Multifamily mortgage originations are expected to fall by 11% year-over-year in 2023 as the entire commercial real estate sector is not immune to the same economic instability that affects single-family lending, the Mortgage Bankers Association said.
The organization predicts $393 billion of multifamily lending volume this year, down from a projected total of $439 billion for 2022. In 2021, multifamily mortgage volume totaled a record $487.3 billion, according to the MBA’s final figures released this past August.
Combined multifamily and commercial real estate lending activity is expected to drop 5% to $700 billion from $740 billion in 2022.
The “typical” Federal Open Market Committee member expects the Fed Funds rate to now end 2023 at 5.1%, which reflects their views on the nation’s deteriorating economic conditions, said Jamie Woodwell, the MBA’s head of commercial real estate research.
“Commercial real estate markets are not immune to these shifts, and we expect borrowing and lending backed by commercial and multifamily properties to decline again this year,” Woodwell said in a press release. “Uncertainty and volatility around the paths of the economy, interest rates, and property valuations will likely continue to cause instability for commercial real estate markets well into this year.”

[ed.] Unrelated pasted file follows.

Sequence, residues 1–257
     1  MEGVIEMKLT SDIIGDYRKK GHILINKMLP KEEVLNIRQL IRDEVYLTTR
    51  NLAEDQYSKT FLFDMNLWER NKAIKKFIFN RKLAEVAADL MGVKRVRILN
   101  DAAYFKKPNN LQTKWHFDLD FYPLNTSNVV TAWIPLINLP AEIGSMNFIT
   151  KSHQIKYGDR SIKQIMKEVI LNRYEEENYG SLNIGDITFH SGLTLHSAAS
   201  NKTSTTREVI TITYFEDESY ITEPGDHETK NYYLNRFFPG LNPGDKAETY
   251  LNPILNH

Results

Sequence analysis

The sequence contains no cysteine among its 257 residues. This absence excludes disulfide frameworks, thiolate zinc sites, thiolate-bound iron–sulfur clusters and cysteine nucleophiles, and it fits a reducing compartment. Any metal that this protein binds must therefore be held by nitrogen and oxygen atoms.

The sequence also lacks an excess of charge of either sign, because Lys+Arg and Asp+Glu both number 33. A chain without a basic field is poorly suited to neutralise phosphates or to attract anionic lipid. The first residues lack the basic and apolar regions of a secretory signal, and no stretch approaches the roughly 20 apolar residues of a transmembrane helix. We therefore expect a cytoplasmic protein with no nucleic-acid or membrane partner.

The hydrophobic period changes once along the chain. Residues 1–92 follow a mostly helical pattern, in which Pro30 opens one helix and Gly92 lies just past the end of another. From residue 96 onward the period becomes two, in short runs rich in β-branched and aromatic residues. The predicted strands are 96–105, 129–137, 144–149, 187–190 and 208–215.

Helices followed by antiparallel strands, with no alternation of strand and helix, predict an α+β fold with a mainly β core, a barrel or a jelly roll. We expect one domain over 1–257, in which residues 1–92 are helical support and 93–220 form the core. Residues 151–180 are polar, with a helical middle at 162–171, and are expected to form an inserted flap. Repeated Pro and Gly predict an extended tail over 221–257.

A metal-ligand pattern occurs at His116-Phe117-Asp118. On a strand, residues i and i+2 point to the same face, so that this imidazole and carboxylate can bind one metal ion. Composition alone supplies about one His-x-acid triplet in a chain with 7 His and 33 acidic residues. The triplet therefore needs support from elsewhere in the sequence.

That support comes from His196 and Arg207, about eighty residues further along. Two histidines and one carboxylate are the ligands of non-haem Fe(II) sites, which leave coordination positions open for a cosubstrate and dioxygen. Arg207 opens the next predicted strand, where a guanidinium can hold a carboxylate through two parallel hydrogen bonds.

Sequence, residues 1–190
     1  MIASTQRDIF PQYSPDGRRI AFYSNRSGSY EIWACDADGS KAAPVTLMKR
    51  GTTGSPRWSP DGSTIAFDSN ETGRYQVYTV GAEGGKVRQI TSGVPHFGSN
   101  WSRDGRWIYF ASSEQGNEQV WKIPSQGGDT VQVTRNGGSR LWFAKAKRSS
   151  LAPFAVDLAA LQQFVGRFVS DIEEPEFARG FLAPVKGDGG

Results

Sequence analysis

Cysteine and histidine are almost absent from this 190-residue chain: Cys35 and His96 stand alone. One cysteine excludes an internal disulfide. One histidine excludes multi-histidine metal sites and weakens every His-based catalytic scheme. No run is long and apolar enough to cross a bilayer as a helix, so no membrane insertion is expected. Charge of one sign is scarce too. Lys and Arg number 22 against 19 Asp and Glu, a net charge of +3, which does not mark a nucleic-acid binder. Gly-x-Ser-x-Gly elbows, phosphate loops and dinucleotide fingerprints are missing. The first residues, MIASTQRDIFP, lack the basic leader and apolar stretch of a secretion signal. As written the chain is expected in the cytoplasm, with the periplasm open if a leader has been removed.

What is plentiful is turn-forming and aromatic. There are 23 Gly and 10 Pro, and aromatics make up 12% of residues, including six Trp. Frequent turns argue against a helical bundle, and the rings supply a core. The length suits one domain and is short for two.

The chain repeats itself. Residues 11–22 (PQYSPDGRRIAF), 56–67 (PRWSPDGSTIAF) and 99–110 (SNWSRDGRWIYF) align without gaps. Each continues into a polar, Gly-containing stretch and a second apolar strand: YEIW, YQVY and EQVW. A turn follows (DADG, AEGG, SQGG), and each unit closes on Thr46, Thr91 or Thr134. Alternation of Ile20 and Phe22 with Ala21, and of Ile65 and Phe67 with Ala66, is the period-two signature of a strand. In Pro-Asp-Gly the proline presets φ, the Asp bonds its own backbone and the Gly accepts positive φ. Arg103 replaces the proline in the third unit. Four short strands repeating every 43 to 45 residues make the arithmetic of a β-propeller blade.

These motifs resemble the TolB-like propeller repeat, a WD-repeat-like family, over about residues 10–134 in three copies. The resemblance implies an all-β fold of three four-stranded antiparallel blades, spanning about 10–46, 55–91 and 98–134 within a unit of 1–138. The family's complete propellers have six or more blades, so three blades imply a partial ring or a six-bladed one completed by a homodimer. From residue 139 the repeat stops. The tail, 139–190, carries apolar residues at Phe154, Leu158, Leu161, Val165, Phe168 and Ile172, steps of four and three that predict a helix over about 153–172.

For 2024, the MBA is expecting a rebound in multifamily lending activity, to $483 billion, approaching the 2021 record. Total commercial mortgage volume is predicted to reach $887 billion.
Meanwhile, the Federal Housing Finance Agency released its 2023 scorecard for Fannie Mae and Freddie Mac, confirming the previously announced reduction in each company’s multifamily lending cap to $75 billion — for a total of $150 billion — from $78 billion in 2022. The scorecard also covers single-family homeownership goals for the government-sponsored enterprises and the Common Securitization Solutions joint venture.
“The annual scorecard is an important tool for ensuring that the Enterprises operate in a safe and sound manner and fulfill their mission requirements,” said FHFA Director Sandra Thompson in a press release. “The 2023 Scorecard builds on the progress made in 2022 to strengthen the Enterprises’ capital position while advancing equitable and sustainable access to homeownership and rental housing.”
The government-sponsored enterprises new multifamily purchases limits include an expanded focus on workforce/moderate income housing.
“FHFA anticipates the $75 billion cap to be appropriate given current market forecasts; however, FHFA will continue to review its estimates of market size and mission-driven minimum requirements throughout the year,” the appendix to the scorecard said, reiterating prior statements. “To prevent market disruption, if FHFA determines that the actual size of the 2023 market is smaller than was initially projected, FHFA will not reduce the cap.”